The rich and famous are just lying around, but fabulously, in Ed Dixon's new play, Pere Lachaise, set in the Paris cemetery where Oscar Wilde, Jim Morrison, Sarah Bernhardt and other celebrities are buried.
Producer Pete Herber (The Molly Maguires, Fanny Hill) is presenting a July 29 industry reading in New York City with some not unfamous theatre folk, including Bebe Neuwirth as Bernhardt. The proposed one-set show concerns restless egos and their exchanges about "fame, immortality, and the importance of life and death," according to Dixon. The premise has all the characters except Wilde fighting to be reborn.
A non-famous Waiter (played by Larry Paulson), who caters to them, offers surprises. The waiter's pregnant granddaughter (Nancy Anderson, playing the only living character) visits the cemetery with flowers, and the departed yearn to inhabit the unborn child's soul.
Dixon got the seed of the idea from Ted Pappas, artistic director of Pittsburgh Public Theatre, who pointed out how many famous people were lodged in the cemetery. "I have some sort of personal relationship with each of these people in my own psychology," Dixon told Playbill On-Line, adding that "it's a marvelous opportunity to discuss art and music."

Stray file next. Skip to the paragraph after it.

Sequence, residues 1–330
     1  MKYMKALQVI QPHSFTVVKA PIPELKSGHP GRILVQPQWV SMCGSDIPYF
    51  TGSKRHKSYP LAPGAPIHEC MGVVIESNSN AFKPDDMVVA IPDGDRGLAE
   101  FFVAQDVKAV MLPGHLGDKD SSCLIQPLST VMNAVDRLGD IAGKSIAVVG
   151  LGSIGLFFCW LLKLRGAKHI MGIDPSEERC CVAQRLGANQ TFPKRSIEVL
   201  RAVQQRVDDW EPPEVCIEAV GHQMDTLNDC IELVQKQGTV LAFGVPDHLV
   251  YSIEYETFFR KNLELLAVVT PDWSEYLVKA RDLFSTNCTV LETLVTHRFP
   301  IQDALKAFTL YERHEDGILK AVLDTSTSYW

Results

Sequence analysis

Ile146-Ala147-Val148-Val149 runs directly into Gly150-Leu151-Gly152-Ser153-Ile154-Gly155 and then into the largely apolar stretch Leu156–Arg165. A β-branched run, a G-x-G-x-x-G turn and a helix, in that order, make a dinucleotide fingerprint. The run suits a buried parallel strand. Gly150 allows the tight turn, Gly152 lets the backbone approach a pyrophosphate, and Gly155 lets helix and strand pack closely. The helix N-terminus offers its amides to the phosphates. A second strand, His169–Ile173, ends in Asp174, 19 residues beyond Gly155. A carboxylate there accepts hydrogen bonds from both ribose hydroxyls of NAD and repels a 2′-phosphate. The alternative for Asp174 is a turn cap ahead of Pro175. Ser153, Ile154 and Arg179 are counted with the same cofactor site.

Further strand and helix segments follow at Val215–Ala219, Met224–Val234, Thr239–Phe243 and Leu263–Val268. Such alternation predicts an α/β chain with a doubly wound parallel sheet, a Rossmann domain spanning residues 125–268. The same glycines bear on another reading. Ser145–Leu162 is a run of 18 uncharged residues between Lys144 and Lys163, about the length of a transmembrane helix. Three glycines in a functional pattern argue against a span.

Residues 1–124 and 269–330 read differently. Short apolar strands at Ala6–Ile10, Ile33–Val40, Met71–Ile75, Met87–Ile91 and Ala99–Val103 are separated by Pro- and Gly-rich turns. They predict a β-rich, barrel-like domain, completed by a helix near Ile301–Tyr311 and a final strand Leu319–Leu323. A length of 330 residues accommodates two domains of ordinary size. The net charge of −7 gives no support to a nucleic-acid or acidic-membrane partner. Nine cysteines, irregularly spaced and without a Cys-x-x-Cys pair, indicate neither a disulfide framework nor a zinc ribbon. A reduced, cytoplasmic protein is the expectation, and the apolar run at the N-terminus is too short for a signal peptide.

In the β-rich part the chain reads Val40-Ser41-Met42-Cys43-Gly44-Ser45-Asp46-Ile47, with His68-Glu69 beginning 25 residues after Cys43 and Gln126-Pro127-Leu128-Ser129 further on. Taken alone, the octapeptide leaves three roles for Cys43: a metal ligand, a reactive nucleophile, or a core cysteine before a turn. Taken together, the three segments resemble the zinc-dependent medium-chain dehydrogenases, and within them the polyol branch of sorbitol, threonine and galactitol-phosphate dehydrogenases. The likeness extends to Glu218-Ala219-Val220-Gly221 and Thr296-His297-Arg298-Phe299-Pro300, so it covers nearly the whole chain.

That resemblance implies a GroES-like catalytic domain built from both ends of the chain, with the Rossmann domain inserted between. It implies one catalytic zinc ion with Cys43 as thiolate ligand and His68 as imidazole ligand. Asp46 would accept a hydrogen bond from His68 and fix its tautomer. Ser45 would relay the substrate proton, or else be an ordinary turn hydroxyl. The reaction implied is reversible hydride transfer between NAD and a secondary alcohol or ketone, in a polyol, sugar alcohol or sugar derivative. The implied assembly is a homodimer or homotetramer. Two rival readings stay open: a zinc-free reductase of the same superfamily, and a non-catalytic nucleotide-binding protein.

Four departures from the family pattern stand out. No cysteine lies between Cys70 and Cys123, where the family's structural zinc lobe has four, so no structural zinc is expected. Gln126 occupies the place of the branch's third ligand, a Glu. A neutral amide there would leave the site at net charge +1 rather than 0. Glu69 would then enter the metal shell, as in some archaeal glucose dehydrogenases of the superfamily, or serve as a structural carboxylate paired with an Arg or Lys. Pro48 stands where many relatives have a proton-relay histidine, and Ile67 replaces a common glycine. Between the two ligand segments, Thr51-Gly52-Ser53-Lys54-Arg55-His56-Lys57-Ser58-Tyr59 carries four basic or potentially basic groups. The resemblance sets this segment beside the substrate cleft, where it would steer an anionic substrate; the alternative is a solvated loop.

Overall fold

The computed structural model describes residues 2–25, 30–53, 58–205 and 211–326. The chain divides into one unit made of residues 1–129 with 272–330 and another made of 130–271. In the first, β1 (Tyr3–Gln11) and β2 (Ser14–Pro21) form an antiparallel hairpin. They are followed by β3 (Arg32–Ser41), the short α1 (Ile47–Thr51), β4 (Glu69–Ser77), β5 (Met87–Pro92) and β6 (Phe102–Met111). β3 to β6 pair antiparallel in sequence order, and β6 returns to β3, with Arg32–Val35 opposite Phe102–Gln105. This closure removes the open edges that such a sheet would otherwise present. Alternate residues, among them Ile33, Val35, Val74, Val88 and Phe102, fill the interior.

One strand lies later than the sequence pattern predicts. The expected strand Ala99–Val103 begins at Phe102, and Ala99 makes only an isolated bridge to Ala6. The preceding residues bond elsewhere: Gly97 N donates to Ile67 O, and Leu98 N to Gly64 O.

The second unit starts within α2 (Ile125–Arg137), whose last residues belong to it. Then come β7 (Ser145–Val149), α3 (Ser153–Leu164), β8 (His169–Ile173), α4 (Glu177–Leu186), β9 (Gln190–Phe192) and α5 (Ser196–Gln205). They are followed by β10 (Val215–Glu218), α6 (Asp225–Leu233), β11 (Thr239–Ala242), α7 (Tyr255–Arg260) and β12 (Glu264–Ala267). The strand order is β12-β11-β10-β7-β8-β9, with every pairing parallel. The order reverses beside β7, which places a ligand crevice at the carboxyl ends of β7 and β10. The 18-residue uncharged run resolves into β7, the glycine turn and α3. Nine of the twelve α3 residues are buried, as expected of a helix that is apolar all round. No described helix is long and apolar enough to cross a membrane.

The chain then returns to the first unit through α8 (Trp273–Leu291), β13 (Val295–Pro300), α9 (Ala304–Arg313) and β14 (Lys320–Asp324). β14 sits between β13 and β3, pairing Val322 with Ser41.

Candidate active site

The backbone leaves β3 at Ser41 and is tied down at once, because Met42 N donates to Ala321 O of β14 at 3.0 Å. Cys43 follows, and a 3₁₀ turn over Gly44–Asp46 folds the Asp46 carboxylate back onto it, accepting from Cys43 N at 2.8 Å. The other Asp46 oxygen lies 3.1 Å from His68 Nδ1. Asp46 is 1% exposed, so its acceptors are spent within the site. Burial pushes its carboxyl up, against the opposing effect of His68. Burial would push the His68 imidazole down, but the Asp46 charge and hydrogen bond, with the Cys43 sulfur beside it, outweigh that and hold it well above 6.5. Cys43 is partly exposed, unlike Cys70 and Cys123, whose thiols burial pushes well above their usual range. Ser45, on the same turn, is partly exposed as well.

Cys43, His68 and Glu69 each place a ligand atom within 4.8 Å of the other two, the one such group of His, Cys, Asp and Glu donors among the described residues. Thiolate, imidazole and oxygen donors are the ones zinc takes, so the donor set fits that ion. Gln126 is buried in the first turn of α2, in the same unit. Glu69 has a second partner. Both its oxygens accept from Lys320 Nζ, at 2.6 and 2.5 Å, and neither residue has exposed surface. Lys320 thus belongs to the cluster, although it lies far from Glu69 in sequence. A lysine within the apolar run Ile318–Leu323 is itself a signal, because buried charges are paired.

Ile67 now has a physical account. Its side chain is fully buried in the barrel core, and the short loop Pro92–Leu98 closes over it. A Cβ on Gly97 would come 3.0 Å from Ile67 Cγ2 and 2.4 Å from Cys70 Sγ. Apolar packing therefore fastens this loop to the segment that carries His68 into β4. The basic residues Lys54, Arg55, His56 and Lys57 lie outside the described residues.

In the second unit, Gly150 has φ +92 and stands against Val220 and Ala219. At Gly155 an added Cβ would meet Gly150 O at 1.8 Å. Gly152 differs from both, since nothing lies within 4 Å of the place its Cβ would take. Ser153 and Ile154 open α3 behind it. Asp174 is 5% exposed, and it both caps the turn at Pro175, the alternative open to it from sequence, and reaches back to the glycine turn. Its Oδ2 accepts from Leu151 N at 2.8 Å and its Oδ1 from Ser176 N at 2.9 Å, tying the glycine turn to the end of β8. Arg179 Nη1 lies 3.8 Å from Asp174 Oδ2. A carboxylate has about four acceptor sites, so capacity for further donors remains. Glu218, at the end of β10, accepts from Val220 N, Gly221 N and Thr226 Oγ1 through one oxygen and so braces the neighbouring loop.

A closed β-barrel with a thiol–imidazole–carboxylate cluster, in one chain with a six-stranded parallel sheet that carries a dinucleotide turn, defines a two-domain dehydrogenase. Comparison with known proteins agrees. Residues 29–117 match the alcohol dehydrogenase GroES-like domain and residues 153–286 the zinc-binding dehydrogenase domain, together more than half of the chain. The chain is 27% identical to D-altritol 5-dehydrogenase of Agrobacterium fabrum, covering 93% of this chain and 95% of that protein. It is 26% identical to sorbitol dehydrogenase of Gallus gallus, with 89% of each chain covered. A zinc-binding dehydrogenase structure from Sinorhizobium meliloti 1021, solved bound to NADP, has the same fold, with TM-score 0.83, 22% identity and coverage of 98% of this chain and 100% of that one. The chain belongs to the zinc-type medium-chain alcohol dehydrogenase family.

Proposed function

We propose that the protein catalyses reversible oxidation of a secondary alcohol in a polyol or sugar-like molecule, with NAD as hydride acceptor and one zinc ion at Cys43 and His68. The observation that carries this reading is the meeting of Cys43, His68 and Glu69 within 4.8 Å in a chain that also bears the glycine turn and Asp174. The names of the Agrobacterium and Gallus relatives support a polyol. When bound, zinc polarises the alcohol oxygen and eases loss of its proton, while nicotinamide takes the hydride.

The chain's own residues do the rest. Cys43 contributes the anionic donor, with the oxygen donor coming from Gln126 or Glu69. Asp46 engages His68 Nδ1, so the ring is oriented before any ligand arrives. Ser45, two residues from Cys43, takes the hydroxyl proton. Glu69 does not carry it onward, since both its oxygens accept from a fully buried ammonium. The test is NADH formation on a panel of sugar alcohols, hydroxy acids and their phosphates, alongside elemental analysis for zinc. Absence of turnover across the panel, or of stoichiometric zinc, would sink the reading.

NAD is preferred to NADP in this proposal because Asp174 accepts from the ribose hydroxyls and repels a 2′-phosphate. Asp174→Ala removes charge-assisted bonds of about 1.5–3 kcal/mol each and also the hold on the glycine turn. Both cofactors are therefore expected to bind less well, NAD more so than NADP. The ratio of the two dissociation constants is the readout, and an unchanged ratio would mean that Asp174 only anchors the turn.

Dixon, an actor and writer who will appear on Broadway in The Best Man this season, has credits ranging from Les Miserables to The Iceman Cometh. He said he didn't want a piece with characters sitting on tombstones, so he imagined an old-world hotel with a harried waiter catering to the dead. The reading cast includes Dixon as Wilde, Mary Stout as Isadora Duncan, Jim Newman as Jim Morrison, Paul Giamatti as Rossini, James Stephens as Victor Hugo, with George Connolly and Paul Shoeffler.
Dixon is an actor, librettist, playwright, lyricist and composer whose previous writing includes Shylock, Fanny Hill and Cather County, among other pieces.
For information about the private reading, call (212) 957-4072.
-- By Kenneth Jones